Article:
(Life Bible-Presbyterian Church Weekly Vol. III No. 15, commentary Rev. Timothy Tow)

I was called to speak at Tabernacle BPC’s 7th Anniversary last Lord’s Day. There I was given a souvenir magazine in which was a testimony of Dorcas Ang Lai Kheng. This is another eye-opener to me, so I have it reprinted here for your edification:

“I grew up in a typical 70’s kampong with temples and gods aplenty. I remembered being quite ‘religious’ since a tender age, and would often be entrusted with the job of burning joss paper, because I would do it most reverently, unlike my other more playful siblings. I enjoyed the smell of burning incense. We were all one big extended family living under the same roof, and my great grandmother, the matriarch of the household, was extremely superstitious, so were my uncles, aunts, cousins and all my neighbours.

“When a cousin was murdered, they managed to call his ‘spirit’ back. The sick would go to the temple medium, not the doctor, and would always be cured, or so they reported. Thus, I was suitably impressed, and amidst all this idolatry, I never once doubted my belief. In Primary 6, a friend tried preaching to me. But I was frightened when she mentioned the blood of Jesus. I immediately rejected the message and the messenger.

“But the Lord had His own timing. I was supposed to go to River Valley Secondary School, but eager to be with familiar faces, I chose Crescent Girls’ instead. There, I met Victoria. Her brother brought her to church, and she in turn invited some of her classmates. I was curious and asked to join them. I attended the meetings regularly. One day, almost a year later, the Lord touched my heart and I realised my own sinfulness and accepted Him as my Saviour. I was baptised a few months later and there was no turning back. I met parental objections, uncles’ and aunts’ ridicule, and pressure from others to conform. But I thank God for His strength, grace and mercy that preserved me through those initial difficult years. From wanting to attend Sunday service and Baptism, refusing to take food offered to idols, and refusing to partake in the religious ceremonies. I had many stormy sessions with my parents.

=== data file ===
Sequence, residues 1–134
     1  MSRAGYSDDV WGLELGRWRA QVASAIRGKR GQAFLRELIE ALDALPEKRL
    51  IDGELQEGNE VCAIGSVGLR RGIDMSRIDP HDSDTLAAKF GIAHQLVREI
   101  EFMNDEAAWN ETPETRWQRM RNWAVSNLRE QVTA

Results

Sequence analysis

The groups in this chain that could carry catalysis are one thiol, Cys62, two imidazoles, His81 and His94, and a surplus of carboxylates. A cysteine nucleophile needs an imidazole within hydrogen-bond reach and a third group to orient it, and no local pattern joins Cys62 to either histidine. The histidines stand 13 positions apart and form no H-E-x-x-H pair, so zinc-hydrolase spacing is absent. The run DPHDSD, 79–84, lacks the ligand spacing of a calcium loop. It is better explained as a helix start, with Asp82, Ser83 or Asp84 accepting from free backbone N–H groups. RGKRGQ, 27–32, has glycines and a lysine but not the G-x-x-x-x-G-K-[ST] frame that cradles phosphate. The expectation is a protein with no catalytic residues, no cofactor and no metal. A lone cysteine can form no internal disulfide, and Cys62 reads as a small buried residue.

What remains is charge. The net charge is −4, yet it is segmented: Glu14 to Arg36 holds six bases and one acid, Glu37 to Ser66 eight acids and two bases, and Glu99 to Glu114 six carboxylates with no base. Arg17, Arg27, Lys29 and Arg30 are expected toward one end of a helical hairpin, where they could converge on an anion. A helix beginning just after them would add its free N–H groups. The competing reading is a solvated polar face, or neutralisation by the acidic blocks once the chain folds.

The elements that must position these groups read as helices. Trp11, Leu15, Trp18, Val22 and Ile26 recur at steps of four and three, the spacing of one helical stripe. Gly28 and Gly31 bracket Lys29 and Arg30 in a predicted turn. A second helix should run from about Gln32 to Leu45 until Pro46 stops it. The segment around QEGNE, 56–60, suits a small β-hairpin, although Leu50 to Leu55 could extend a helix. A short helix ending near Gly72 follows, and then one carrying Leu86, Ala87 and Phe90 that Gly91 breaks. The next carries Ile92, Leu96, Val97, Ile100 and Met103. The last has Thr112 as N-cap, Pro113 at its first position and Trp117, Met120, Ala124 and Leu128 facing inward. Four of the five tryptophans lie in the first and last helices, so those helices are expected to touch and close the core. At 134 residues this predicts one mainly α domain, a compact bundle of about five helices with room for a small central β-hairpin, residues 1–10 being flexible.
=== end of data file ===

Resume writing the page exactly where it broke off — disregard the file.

“I remembered after one particular such session when I almost wanted to give up my new-found precious faith. My father, who had always had gastric problems, was so angry, hurt and disappointed over my refusal to give up Christ that he vomited and was in severe pain. I could hardly bear with my Mum’s cold shoulder and my brothers’ and sisters’ accusation of my lack of filial piety. I was paralysed with fear and guilt. I was so afraid I might lose my Dad forever. Countless times I went to his room to see that he was well. Once I thought he was not breathing and I went numb. It was a night of turmoil. I debated with myself if it was wise to continue to upset him. Can’t I just wait, postpone my belief, till a few more years later?

“Thank the Lord. He knows the measure of testing we can endure. The next day, my Dad told me first thing in the morning that I could go to Church on Sunday and henceforth. More than a decade had passed since that night, but I had never asked him what caused him to change his mind. But surely it was the Lord’s doing, and marvellous in our eyes.

“I always had to eat bread or biscuits on the first and fifteenth of the month in the Lunar Calendar. Food, glorious food, was a real temptation. Then one Mid Autumn Festival, Dad came home with two pomelos, a big and a small one. The big one he put on the altar, and the small one he gave to me. That was the beginning of the ‘big and small’ affair in my home. One big plate of steamed prawns in the centre, and one small plate in the corner, my corner. From rice to vegetables to meat and even fruits, Dad and Mum painstakingly separated them into big portions for their offering, and small ones for my consumption. I thank God for His marvellous kindness and for such loving parents. I can only pray that they will come to trust in the Lord quickly, to accept Him as their own personal Saviour…”

Commentary: In the light of what I’ve written on the power of Baptism against heathens in my Counselling book, you will notice that as a result of Dorcas taking a stand through baptism, her father yielded and let her attend church. Realising that she belonged to Jesus, they reserved a small portion of the family’s food for her exclusively, not being offered first to the idols on the 1st and 15th of the Moon. If you are not baptised for the fear of parental objection, this testimony should strengthen you to stand up for Christ.